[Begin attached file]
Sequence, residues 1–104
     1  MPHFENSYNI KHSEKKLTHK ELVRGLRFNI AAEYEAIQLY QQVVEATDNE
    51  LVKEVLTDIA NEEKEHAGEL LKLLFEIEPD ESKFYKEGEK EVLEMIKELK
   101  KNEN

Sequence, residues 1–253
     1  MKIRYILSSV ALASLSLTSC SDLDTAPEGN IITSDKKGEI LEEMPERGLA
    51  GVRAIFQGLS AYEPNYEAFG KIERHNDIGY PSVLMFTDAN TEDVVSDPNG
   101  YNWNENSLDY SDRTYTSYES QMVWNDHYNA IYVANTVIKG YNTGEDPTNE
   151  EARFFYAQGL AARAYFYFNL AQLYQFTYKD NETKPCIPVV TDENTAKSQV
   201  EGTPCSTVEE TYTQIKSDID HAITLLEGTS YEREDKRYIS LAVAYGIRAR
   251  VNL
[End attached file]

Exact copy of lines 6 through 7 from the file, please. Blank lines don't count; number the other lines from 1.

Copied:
     1  MKIRYILSSV ALASLSLTSC SDLDTAPEGN IITSDKKGEI LEEMPERGLA
    51  GVRAIFQGLS AYEPNYEAFG KIERHNDIGY PSVLMFTDAN TEDVVSDPNG